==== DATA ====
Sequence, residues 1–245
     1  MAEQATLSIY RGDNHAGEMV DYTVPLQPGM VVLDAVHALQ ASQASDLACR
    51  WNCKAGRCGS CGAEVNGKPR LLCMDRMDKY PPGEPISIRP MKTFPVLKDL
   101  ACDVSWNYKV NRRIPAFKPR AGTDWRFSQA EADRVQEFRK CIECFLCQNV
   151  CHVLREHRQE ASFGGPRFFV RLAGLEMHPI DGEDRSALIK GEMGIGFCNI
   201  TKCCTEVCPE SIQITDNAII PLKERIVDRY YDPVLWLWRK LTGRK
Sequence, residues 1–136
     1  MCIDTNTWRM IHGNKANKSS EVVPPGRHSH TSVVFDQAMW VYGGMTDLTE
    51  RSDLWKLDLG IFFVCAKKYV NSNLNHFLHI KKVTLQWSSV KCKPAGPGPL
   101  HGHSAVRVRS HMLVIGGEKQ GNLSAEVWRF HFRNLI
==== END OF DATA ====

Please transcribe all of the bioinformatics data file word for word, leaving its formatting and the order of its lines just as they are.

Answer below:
Sequence, residues 1–245
     1  MAEQATLSIY RGDNHAGEMV DYTVPLQPGM VVLDAVHALQ ASQASDLACR
    51  WNCKAGRCGS CGAEVNGKPR LLCMDRMDKY PPGEPISIRP MKTFPVLKDL
   101  ACDVSWNYKV NRRIPAFKPR AGTDWRFSQA EADRVQEFRK CIECFLCQNV
   151  CHVLREHRQE ASFGGPRFFV RLAGLEMHPI DGEDRSALIK GEMGIGFCNI
   201  TKCCTEVCPE SIQITDNAII PLKERIVDRY YDPVLWLWRK LTGRK
Sequence, residues 1–136
     1  MCIDTNTWRM IHGNKANKSS EVVPPGRHSH TSVVFDQAMW VYGGMTDLTE
    51  RSDLWKLDLG IFFVCAKKYV NSNLNHFLHI KKVTLQWSSV KCKPAGPGPL
   101  HGHSAVRVRS HMLVIGGEKQ GNLSAEVWRF HFRNLI